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The temptation of the challenge is so high. How about last attempt to simplify the code, based on the original calculation method from the first article?

Free Monoid


Rewrite The Guard

Consider going back to our previous nice code, with guard, but reversed order.

import Data.Foldable

-- taxable incomes
pkps :: [Int]
pkps = [0, 50*10^6, 250*10^6, 500*10^6, 10^9]

-- income tax using progressive tariff
pph :: Int -> Int
pph pkp = round $ pph_recursive $ fromIntegral pkp
  where
    [t1, t2, t3, t4]  = map (* 10^6) [0, 50, 250, 500]
    [p1, p2, p3, p4]  = [0.05, 0.15, 0.25, 0.30]
    pph_recursive pkp_real 
      | pkp_real > t4  = (pkp_real - t4) * p4 + pph_recursive t4
      | pkp_real > t3  = (pkp_real - t3) * p3 + pph_recursive t3
      | pkp_real > t2  = (pkp_real - t2) * p2 + pph_recursive t2
      | pkp_real > t1  = (pkp_real - t1) * p1 + pph_recursive t1
      | otherwise      = 0

main = forM_ pkps (print . pph)

Code above will show each calculation as below

0
2500000
32500000
95000000
245000000

It is simple, clean, and easy to understand.

Can you see the pattern with that guard above?


Alternate Recursive

Consider using list comprehension, and built the recursive based on pattern above.

import Data.Foldable

-- taxable incomes
pkps :: [Int]
pkps = [0, 50*10^6, 250*10^6, 500*10^6, 10^9]

-- income tax using progressive tariff
pph :: Int -> Int
pph pkp = round $ pph_recursive $ fromIntegral pkp
  where
  pph_recursive 0 = 0
  pph_recursive pkp_real = (pkp_real - tm) * p + pph_recursive(tm)
    where
    -- [(tingkat, persentase)]
    reff    = [(0, 0.05), (50, 0.15), (250, 0.25), (500, 0.30)]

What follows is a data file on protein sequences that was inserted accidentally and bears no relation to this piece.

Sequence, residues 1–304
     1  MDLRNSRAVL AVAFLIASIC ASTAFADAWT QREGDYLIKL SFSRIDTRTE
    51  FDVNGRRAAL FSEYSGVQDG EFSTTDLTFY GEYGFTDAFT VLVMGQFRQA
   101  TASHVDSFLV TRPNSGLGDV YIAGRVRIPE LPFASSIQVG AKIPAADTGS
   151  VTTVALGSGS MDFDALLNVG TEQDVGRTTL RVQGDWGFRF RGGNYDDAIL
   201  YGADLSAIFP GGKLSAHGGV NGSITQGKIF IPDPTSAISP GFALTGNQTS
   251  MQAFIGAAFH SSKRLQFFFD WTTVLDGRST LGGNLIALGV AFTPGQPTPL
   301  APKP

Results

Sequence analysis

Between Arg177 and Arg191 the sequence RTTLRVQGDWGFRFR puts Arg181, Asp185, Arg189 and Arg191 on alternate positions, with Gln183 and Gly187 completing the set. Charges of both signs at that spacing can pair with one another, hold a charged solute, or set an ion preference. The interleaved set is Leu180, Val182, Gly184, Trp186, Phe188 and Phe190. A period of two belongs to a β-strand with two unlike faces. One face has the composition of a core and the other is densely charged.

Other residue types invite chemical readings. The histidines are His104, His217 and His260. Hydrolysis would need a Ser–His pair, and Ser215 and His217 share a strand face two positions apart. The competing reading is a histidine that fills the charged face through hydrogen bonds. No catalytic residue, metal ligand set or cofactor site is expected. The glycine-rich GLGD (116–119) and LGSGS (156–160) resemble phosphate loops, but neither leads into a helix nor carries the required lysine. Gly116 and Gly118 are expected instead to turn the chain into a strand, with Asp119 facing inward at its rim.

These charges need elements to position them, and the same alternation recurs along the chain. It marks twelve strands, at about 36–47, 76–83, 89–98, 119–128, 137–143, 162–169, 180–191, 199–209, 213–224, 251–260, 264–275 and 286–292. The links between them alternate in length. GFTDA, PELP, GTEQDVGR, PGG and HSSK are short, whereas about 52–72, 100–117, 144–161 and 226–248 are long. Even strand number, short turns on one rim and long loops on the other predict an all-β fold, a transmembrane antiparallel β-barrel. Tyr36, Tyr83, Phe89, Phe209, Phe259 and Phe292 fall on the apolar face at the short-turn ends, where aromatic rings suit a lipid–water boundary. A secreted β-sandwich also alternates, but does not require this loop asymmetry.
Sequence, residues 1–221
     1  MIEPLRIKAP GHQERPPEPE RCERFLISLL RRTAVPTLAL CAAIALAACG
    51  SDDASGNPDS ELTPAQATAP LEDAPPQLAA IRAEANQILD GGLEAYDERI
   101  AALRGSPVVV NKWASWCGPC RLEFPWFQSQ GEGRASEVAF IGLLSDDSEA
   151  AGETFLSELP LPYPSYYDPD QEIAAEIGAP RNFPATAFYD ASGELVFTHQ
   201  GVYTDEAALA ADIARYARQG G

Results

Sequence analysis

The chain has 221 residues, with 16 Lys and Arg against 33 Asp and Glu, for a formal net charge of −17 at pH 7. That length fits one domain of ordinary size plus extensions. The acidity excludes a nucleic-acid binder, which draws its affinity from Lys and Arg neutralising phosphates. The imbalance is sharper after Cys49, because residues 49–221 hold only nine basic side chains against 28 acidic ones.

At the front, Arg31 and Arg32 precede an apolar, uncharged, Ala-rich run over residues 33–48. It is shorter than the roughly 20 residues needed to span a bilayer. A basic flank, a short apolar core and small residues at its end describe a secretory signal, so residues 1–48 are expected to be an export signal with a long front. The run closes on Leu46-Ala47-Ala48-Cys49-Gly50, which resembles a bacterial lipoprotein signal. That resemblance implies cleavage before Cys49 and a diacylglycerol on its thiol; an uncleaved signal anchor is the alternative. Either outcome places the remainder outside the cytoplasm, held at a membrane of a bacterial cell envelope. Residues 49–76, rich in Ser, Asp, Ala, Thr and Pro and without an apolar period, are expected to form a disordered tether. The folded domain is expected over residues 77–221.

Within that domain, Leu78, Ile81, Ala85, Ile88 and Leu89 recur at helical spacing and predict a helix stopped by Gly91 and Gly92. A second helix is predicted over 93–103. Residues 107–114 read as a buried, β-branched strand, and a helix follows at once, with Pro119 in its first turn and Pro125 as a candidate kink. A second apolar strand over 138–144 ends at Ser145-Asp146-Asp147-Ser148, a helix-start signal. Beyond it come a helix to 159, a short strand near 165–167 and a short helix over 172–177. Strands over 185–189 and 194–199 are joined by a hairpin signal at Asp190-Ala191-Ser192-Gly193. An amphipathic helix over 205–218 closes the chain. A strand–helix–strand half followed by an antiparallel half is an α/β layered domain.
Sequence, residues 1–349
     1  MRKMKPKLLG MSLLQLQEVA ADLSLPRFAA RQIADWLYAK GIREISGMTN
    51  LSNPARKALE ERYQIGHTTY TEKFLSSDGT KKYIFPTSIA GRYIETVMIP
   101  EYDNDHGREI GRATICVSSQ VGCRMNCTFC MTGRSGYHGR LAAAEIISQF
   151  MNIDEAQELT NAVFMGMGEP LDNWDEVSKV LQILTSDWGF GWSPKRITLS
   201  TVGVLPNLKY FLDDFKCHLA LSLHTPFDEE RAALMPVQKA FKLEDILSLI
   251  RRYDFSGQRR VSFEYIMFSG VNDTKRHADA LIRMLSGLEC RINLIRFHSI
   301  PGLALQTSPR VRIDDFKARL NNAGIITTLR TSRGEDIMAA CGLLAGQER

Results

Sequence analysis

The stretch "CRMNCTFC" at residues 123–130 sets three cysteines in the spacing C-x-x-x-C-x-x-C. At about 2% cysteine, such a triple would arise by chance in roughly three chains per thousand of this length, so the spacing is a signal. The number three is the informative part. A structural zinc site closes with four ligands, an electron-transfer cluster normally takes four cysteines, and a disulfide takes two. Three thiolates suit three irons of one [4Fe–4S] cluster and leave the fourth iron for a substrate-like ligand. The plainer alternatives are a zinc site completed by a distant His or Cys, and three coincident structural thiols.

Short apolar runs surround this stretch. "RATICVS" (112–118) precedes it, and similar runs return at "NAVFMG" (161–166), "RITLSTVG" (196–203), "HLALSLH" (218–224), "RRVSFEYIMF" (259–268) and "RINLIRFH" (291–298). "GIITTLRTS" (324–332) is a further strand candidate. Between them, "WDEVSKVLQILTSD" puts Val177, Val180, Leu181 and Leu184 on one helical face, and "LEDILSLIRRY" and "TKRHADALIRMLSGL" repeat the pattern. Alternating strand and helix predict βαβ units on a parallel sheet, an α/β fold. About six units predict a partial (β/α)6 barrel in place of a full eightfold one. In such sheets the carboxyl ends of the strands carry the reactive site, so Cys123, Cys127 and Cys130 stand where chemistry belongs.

indices = [ i | (i, (t, p)) <- zip [0..] reff, pkp_real > t * (10^6)]
    (t, p)  = (reff !! last indices)
    tm      = t * (10^6)

main = forM_ pkps (print . pph)

It turned out, that we need nested where clause. And I still need pattern matching to stop the recursion.

Code above will show each result the same as previous output.

It is not simple. And not easy to understand.


Further Attempt

Consider using lambda as our last resort.

import Data.Foldable

-- taxable incomes
pkps :: [Int]
pkps = [0, 50*10^6, 250*10^6, 500*10^6, 10^9]

-- income tax using progressive tariff
pph :: Int -> Int
pph pkp = round $ pph_recursive $ fromIntegral pkp
  where
  -- [(tingkat, persentase)]
  reff    = [(0, 5), (50, 15), (250, 25), (500, 30)]
  tarrifs = [ (t*(10^6), (p/100)) | (t, p) <- reff]
  pph_recursive 0        = 0
  pph_recursive pkp_real = 
    (\(t, p) -> (pkp_real - t) * p + pph_recursive(t)) tariff
    where
    indices = [ i | (i, (t, p)) <- zip [0..] tarrifs, pkp_real > t]
    tariff  = tarrifs !! last indices    

main = mapM_ (print . pph) pkps

Code above will show each result the same as previous output.

It is getting cryptic. And simply garbage. A sad ending in the middle of midnight.


Conclusion

I fail

However, examining this many codes to solve one issue, is good experience anyway. I found that Haskell has a very nice syntax. Thus, I won’t regret this mess.

The first calculation code in this series article is the coolest. Consider continue going back reading [ Haskell - Tax Tariff - Part One ].

Thank you for visiting. We shall meet again. Farewell.